The recent attack by anti-GMO activists on an experimental planting of biotech grapes in a government-funded site in Colmar, France raises some thought provoking discussion about public safety, burden of proof and the nature of the public commons.

An article by Davis grad and plant pathologist Steve Savage “A Sad Day for Wine, A Sad Day for Science” articulates one side of the debate, and there is lively and civil discussion in the comments, including some by yours truly. Recommended reading.

Systems thinking and prediction of consequences is not something contemporary science is very good at. Consider, for example, the consequences of USDA’s recent intentional introduction of the asian ladybug to the Central US, a disaster of epic proportions.

Steve’s assertion that he is in a position to assess the risks is chilling. A sad day for science indeed when we lord our education and experience over the lay public’s legitimate concerns for unpredictable consequences.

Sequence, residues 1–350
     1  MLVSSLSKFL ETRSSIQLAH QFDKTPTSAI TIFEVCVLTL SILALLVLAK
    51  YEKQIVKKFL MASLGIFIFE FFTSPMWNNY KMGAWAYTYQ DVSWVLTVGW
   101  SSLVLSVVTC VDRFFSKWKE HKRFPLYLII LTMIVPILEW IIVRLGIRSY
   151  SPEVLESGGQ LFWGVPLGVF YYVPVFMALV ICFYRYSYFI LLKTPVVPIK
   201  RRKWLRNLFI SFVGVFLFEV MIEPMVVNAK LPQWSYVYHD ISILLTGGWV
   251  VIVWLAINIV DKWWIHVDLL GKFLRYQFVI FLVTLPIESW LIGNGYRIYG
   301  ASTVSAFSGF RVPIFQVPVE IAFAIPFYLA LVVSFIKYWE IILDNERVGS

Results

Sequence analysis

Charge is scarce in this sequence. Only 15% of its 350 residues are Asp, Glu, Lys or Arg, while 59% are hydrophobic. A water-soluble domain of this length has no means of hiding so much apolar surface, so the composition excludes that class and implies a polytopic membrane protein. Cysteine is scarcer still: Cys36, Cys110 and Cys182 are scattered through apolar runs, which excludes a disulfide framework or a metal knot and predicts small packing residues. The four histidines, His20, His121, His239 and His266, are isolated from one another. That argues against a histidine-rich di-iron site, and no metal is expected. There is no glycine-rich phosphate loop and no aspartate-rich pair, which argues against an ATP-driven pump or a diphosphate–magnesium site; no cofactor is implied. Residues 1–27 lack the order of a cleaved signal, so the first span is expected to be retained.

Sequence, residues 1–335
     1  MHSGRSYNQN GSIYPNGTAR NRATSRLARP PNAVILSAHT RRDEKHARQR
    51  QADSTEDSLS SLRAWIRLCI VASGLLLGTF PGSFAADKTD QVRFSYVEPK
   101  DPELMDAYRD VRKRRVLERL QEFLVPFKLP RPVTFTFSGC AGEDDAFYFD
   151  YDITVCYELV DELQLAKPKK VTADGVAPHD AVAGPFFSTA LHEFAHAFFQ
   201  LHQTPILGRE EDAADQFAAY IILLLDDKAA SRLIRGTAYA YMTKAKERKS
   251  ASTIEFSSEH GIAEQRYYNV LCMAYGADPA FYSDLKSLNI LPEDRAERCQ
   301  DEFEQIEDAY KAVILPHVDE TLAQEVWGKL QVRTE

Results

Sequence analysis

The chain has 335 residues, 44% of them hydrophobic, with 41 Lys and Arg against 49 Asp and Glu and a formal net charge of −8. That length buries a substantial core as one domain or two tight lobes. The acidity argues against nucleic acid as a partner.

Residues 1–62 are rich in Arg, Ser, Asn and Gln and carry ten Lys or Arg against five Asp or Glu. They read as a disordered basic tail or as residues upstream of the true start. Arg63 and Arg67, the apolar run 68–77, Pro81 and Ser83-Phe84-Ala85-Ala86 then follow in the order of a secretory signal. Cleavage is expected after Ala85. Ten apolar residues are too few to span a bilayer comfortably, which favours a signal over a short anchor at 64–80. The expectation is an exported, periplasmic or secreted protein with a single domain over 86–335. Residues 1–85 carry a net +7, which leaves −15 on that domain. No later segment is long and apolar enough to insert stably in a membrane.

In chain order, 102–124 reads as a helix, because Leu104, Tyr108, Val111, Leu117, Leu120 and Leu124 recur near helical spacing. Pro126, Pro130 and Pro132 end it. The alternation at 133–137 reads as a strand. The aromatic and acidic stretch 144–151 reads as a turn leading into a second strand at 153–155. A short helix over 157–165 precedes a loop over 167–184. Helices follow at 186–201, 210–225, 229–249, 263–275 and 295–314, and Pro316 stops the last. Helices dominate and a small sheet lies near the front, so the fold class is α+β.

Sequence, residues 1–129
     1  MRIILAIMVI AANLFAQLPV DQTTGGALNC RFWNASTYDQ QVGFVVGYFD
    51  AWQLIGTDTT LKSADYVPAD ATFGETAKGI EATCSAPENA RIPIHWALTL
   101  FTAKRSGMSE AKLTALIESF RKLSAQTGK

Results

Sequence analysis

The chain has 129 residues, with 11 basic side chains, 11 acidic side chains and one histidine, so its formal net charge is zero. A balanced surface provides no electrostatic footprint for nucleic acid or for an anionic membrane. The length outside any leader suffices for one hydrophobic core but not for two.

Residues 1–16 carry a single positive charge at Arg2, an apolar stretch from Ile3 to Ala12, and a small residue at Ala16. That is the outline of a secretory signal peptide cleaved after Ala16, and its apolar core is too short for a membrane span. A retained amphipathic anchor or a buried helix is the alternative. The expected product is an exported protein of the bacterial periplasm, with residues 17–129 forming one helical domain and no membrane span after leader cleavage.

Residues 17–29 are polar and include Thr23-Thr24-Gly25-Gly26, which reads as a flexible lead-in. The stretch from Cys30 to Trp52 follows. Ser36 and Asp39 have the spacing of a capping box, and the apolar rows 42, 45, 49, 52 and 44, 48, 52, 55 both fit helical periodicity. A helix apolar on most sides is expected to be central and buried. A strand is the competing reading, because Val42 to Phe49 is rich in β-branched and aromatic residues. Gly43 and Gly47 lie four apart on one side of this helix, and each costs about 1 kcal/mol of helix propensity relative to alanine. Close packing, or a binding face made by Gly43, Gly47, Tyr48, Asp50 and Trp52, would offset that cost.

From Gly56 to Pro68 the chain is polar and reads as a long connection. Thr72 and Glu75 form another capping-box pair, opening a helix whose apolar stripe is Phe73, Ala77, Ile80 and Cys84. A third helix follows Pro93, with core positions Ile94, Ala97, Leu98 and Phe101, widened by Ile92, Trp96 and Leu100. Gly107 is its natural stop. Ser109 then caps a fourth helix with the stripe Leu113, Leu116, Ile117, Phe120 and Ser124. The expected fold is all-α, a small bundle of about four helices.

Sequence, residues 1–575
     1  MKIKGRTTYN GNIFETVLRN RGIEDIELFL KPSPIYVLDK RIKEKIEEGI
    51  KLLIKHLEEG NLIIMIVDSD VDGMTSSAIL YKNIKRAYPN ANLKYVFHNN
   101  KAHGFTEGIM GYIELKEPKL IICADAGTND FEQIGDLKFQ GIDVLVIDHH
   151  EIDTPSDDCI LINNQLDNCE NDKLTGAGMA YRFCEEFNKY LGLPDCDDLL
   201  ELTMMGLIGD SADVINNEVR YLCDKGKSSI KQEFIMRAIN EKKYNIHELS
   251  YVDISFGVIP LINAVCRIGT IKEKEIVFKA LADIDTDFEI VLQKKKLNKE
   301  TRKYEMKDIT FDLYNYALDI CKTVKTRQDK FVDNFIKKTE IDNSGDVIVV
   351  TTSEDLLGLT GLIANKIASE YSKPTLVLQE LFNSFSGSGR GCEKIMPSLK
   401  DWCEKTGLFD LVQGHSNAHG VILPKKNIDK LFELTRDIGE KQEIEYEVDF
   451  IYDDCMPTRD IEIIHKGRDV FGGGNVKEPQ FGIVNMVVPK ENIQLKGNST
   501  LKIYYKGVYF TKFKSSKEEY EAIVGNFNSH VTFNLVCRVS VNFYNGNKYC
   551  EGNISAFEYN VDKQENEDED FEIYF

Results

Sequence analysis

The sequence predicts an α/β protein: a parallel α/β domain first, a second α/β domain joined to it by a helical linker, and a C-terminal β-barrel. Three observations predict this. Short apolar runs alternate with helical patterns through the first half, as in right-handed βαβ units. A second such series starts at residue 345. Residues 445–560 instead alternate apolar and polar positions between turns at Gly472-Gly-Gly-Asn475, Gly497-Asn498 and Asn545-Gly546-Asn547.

Scientists need to state their case — the risks and the rewards — and let the public in on the decision-making process, rather than to pre-empt such a conversation and ask us simply to trust the “professional” assessment.

Aside from the fact that scientific corricula generally include little in the way of ethics, philosophical training, writing skills, or political awareness, UC Davis is a brutally tough school (I found it much more disagreable to study there compared with MIT), and graduates tend to carry the false impression that such hard-won degrees must confer special wisdom. That gut feeling of superiority results in much mischief.